Along with teaching the babies to back out my space, I am going to brush up on their ability to move various parts of their bodies away from me with a whip cue. I want to be very careful to define the word cue here the way I use it. When I give a horse a cue, he or she has the option not to respond to it. My hope is that they will always respond to my cues because they want to get along with me. I hope that they will learn to respond to a cue so automatically that they will respond even in a questionable situation. That is what didn't happen the other day when Ande scooted off. If he had been more solid in his response to my request for a hip yield, he should have hit the end of the rope so that his front end stopped and the back end swung around. So- here we are once again back at basics.
As shedding season is upon us, I put both Ande and Rumer, in turn, on crossties for a grooming session. I used the cross ties in the shed for Rumer where there is a solid wall behind her in case she should pull back but Ande was in the aisle of the barn as he needs to get big boy training. I had done a little backing with each as I approached the gate to get them. They like to crowd at the gate and push each other for the chance to be the one to be taken out. Obviously, this is a good thing that they are so willing to come work with me but it gets dangerous with them pushing and shoving while I'm trying to get through the gate. They both seemed to have "gotten it" though: today I could just point the whip at their chest and they promptly backed away so they were C/T'd promptly as well. This is the repetition I want to try to keep up and not just assume they know it and drop it before it becomes automatic for them.
After currying, brushing and using the shedding blade, I took out a long whip that I have. It used to be a longe whip but my first Jack Russell chewed the lash off it so now it is just a long stiff whip- which I actually really like in a lot of situations! The lash can get so tangled up in things and sometimes a dressage whip just isn't long enough. Standing in front of them (again, I did this at separate times for each of them), I pointed at their chest and C/T'd for prompt energetic steps back. I only asked for one step. I am not increasing the criteria at this point- just getting the behavior solid. After they had been successful a couple times, I reached back and tapped on one hip. I had done a quick review to make sure neither was at all afraid of the whip and they were both fine with having it all over them and their legs etc as I had done that before. Rumer was pretty responsive and it didn't take many taps before she stepped away- C/T. I was careful to keep the taps light and in a steady rhythm and not escalating the pressure at all. The second she took any weight off either hind foot in the beginnings of stepping away, I dropped the point of the whip to the ground and clicked. I also told her she was wonderful and rubbed her face. I had her step away to each side and then for an easy treat, asked her to back. It's nice for them to be able to do something easy once in a while when they are learning something new or difficult. We only did this a few times to each side and I thought that was sufficient introduction for her.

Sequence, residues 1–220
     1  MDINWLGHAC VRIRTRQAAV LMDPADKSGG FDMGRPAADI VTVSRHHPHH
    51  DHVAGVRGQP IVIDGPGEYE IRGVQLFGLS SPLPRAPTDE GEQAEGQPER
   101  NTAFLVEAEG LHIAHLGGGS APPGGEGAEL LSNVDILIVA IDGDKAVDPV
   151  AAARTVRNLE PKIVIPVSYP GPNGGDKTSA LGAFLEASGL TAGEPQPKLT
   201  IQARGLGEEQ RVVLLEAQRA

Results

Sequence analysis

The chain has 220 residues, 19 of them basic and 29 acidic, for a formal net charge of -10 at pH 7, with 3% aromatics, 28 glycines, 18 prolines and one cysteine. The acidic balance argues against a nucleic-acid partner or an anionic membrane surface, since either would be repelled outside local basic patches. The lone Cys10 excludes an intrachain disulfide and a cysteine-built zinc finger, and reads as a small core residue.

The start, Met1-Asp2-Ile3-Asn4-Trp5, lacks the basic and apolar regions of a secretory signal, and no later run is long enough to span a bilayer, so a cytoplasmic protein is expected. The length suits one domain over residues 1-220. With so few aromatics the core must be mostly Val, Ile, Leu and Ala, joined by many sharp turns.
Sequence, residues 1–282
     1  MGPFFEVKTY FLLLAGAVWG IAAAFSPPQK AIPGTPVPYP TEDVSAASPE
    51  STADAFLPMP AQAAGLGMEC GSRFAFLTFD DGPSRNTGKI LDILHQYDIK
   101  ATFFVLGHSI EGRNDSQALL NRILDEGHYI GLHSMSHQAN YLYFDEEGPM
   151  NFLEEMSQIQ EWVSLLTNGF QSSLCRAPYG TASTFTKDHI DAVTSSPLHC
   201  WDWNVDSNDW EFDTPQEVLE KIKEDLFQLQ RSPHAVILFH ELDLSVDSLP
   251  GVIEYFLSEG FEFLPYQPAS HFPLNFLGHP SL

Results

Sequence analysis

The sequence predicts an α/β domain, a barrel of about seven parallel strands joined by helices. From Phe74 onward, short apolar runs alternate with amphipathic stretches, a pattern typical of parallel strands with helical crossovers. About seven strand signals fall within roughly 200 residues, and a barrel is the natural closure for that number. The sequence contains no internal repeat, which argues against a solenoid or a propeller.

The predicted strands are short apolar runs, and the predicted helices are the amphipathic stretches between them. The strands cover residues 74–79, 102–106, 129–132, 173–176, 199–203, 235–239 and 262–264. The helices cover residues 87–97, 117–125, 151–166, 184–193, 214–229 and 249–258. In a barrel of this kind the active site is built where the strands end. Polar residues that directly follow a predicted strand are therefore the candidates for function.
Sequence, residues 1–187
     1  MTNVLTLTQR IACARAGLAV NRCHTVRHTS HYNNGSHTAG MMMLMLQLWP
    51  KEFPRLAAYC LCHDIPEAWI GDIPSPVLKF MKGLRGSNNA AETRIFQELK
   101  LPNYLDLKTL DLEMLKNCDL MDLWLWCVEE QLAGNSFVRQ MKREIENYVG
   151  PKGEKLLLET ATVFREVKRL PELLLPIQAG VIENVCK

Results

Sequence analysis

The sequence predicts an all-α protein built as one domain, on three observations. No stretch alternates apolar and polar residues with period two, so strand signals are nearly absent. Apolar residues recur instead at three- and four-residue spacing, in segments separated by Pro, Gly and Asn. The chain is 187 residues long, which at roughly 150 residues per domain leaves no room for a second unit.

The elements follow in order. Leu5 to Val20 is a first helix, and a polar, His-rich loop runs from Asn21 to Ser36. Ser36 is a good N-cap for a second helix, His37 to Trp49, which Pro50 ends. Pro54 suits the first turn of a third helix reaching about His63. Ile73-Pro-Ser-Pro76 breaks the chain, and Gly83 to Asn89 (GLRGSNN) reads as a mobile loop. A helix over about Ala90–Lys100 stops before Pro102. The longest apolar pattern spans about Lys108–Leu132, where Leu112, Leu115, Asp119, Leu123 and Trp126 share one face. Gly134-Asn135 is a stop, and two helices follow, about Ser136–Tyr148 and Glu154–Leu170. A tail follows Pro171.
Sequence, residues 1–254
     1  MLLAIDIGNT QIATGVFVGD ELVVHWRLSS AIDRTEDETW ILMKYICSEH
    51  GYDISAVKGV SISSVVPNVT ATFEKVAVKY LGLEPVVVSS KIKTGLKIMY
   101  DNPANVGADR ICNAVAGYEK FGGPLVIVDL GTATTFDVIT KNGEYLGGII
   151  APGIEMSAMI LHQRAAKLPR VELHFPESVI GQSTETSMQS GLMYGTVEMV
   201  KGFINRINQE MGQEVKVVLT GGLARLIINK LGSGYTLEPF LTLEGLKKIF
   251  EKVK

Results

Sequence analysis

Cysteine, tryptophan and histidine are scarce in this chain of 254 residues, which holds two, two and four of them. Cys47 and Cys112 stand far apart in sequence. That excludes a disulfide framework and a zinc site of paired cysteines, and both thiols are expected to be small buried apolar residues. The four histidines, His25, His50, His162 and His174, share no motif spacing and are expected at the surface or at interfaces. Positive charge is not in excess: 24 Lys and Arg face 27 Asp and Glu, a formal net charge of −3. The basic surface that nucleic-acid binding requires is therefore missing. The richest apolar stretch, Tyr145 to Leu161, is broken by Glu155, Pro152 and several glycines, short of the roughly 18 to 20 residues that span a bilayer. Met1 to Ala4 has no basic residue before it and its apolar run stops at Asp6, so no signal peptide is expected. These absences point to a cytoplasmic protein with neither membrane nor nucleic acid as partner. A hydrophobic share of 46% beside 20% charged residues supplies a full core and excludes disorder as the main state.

I also took a few minutes to introduce the breeching of the harness to her. She has worn the surcingle and had the long reins flapped around but the breeching sits on the top of her rump and against the back of her hind legs. As a filly, she has been a little goosy at times but she was great about this. She got C/T'd for letting me put it on her back, then letting me put it on her rump (I was careful at first not to let it go over the back of her legs), then since she had shown no concern, I did let the back part slide down the back of her legs. She was great for it all and so I quit there. I will work with the crupper and her tail on another day.
Ande is not a reactive type horse (bolting in his case I think was more of a whoopee! than a reaction). Last year I had tried to introduce a whip cue to start him longeing but it seemed like I could tap away on him all day without getting a reaction. I didn't want to increase the pressure so I was a bit stumped. It turned out to be more successful with him to use my hand to lead him forward and/or a voice cue. I am now learning that I can use these cues which are successful to transition him over to the whip cue. But since I was asking for a step sideways, I couldn't ask for forward, so instead I just took a hold of his halter and bent him slightly toward me so that his position also made him want to step away in order to straighten out. I only had to do this once or twice and then I could just ask with a tap of the whip. He actually began to move when I simply raised the whip to point and that was great. That's what I'd like the behavior to end up as- simply a pointing of the whip or even my hand at a body part and have him move away from it.
Something I noticed was that both Ande and Rumer stepped to the right more easily than the left. A lot of people say that horses naturally bend more easily to the left, which would set them up better for a step away to the right with the hip. But I wonder how much of it is being taught to lead from the left so they get consistent practice bending and giving in that direction. In either case, I need to remember to work that other side!
I titled this the "Duct Tape Lesson" because that is what Alex Kurland calls it when we teach horses to move various body parts in different directions. She puts duct tape on the part of the horse she wants to move to show people which parts are most successful at moving a horse. You can read more about this in her book The Click That Teaches, A Step-by-Step Guide.